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Legion: Chariots of War

Legion: Chariots of War

Legion: Chariots of War

  • Play one of 58 nations on a grand campaign map covering the whole Middle East
  • Build hundreds of buildings and city improvements
  • Put your General in command of your army fighting real-time battles under the fog of war
  • High resolution 1024×768 graphics engine
  • For 1 player

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List Price: $ 39.99


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2 comments on “Legion: Chariots of War

  1. 29 of 31 people found the following review helpful
    5.0 out of 5 stars
    Excellent choice for strategy game fans!!!, May 12, 2003

    This review is from: Legion: Chariots of War (CD-ROM)

    I’m glad to be the first one to write a review about this game after all the hard work developers, programmers, producers and betatesters (I was one of them!) put into it.

    The game is located in the middle east at 2500 BC. A complex mosaic of tiny nations which recreate from the most known realms and empires (such as Egypt, Hitites, Assyria, Ur, etc) to the least known (Makkan, Dahae, etc). The game situates them all together at the same historical time to enable you to possibility to live the hypothetical clash between those different nations. Purists will complain about it, but it’s fun to have the choice to see a battle between Sumer and Persia for instance. And I like to call them the “what if” possibility.

    The game has a similar concept to Legion (it’s made by the same designers, Slitherine) which will enable Legion fans to quickly be comfort with it, BUT it has many new features and a new front end:

    New features

    * You have a trade addition which will allow you to sell your surpluses of stuff and buy the items you do not produce or own.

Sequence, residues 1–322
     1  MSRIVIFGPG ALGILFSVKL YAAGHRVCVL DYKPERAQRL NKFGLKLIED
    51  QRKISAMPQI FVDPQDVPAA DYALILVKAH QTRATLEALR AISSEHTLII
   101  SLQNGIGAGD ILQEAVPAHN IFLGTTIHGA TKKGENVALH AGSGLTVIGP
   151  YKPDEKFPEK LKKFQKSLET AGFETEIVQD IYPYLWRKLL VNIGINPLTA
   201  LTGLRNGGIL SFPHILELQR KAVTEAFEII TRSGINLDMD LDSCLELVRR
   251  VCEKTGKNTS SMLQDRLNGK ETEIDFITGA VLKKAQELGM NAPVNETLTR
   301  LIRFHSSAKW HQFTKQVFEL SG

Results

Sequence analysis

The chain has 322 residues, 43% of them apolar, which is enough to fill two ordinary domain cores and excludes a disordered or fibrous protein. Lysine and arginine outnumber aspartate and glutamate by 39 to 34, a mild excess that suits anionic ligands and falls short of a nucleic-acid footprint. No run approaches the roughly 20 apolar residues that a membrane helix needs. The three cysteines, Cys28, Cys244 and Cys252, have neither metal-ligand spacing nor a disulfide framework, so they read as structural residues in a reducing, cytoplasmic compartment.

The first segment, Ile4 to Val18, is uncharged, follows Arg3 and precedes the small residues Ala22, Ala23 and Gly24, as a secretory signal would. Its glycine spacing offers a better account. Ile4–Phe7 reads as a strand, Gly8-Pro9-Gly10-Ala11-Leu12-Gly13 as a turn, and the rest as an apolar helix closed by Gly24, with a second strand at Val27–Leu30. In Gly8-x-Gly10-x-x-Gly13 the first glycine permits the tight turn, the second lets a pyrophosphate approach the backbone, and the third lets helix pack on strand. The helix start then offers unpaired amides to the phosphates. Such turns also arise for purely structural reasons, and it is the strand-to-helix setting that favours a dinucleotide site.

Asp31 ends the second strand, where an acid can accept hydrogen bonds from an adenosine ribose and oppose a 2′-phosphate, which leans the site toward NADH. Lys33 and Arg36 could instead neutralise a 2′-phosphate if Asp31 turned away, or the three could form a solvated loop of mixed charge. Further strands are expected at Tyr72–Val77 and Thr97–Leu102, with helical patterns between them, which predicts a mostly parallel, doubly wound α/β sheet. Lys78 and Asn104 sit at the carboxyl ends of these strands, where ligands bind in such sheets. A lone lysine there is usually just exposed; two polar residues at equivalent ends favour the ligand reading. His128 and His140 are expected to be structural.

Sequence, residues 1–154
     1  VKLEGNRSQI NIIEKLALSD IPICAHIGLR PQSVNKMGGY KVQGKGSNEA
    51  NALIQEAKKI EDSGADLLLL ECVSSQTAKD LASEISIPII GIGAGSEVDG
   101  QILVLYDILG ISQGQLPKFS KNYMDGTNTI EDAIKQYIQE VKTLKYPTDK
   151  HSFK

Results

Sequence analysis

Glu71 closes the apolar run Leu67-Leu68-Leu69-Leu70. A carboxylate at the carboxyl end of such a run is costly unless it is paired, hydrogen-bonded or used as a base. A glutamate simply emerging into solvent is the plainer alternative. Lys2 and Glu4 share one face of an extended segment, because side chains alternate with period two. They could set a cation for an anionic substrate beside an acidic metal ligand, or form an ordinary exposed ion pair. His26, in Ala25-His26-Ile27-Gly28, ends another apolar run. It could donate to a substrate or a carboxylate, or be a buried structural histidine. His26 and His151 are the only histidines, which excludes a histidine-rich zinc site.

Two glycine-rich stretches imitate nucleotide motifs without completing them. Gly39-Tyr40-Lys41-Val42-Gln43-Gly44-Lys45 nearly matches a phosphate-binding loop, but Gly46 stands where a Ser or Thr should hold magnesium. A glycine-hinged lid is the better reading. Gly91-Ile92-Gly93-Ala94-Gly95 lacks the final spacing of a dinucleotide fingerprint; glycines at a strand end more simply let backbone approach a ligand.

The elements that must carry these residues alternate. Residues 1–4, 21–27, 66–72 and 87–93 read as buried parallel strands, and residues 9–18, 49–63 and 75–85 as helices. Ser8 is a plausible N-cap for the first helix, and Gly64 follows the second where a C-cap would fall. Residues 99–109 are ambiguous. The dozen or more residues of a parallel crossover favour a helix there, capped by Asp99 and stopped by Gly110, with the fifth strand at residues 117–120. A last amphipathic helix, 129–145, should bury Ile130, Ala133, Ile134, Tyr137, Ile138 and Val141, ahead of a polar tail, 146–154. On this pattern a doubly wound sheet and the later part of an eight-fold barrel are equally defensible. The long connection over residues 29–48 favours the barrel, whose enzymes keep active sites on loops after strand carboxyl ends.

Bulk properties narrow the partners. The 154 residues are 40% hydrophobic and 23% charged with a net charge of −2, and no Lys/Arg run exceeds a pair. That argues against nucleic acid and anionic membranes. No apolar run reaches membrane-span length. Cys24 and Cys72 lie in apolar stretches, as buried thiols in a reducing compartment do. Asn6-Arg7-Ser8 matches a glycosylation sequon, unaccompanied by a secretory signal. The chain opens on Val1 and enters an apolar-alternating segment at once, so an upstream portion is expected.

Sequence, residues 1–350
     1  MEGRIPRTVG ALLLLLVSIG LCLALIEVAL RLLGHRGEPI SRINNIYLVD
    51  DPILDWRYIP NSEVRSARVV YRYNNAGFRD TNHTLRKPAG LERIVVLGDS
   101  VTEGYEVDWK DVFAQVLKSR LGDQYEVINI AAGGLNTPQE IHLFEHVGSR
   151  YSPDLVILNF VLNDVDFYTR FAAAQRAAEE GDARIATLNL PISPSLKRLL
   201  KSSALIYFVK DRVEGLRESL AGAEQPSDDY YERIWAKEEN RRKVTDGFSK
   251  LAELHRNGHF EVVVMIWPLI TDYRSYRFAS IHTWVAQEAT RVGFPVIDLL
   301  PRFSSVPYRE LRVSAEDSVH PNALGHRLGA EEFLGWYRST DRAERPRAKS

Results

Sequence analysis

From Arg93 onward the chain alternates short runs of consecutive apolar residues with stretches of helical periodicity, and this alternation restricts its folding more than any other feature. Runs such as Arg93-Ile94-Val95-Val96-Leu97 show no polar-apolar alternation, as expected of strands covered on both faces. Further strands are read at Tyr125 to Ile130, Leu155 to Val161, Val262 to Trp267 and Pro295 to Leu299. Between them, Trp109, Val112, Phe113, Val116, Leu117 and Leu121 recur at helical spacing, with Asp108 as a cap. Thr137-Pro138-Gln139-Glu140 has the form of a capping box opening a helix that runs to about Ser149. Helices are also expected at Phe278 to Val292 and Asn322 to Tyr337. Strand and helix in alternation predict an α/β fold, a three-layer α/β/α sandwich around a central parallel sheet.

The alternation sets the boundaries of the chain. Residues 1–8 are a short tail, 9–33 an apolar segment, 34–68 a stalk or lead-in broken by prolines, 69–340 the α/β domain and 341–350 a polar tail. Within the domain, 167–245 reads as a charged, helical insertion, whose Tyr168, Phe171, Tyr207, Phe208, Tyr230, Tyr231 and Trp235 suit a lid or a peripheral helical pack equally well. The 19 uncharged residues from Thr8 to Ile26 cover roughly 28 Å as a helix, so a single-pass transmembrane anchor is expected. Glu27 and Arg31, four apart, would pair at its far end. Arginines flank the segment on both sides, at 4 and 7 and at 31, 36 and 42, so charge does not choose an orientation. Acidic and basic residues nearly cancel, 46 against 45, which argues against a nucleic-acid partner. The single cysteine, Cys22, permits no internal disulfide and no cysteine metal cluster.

* Happinesss is now a serious problem to deal with! Keeping your citizens happy is a must. Consider building a strong religious concept or your population will start revolting and halting production.
    * Diplomacy now contemplates the ability to send diplomats to foreign nations and accept other nations representatives as well.
    * Grand campaign scenario (to play the whole middle east from Egypt to Persia) or regional scenarios (Asia minor, Egypt, etc)

    The graphics are really good, the music is nice and you do not a “super computer” to play it with lots of Ram MB or 3-D board.

    Overall, the game will assure you lots of hours of action and entertainment with multiple nations to choose and scenarios to play at a reasonable price.

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  2. 25 of 27 people found the following review helpful
    4.0 out of 5 stars
    Good Strategy Game, June 1, 2003
    Craig Fisher (Carrollton, Texas USA) –

    This review is from: Legion: Chariots of War (CD-ROM)

    This is not a deep, deep sim of ancient life, warfare and economics.

    It is, however, a deeply engaging game that has a lot more complexity that first glance would make one think.

    The game mechanisms include city management: handled by the usual mechamism of building and upgrading structures by city. The most compelling part of this is that at each level of development your city can only hold so many structures. Build too many farms and you can’t build barracks for better troops. Same in reverse, build to many troop producers and you’ll startve. Getting this balance right across your empire is critical.

    Economics are handled by a simple trade interface that allows you get buy resources you need and sell goods you overproduce. The concept is simple but reasonably dynamic in terms of supply affecting demand.

    Combat is handled a la Legion where you deploy your troops before a battle and then turn them loose and they are outside your command. This feature aggravates a lot of gamers but it is a very unique feel that keeps this game from being another same old, same old. I love it despite some nits about it. Troop types really matter and failure to balance an army is a fatal flaw.

    Diplomacy keeps this from being a 5 star type game. Simply put, there is no diplomacy. The designers claim that treaties and such things meant nothing in this age (likely true) but it means you are, in effect, always at war. You have relationship levels with other countries but good or bad relations do not, to me, appear to mean anything.

    Overall I liken this game to the old Conquest of the New World or maybe, on a more well known level, to Axis and Allies. Games that are not of the depth of a Civ or Europa Universalis but aremore accessible to all gamers but still really fun. in the end, that is what matters and this game is fun.

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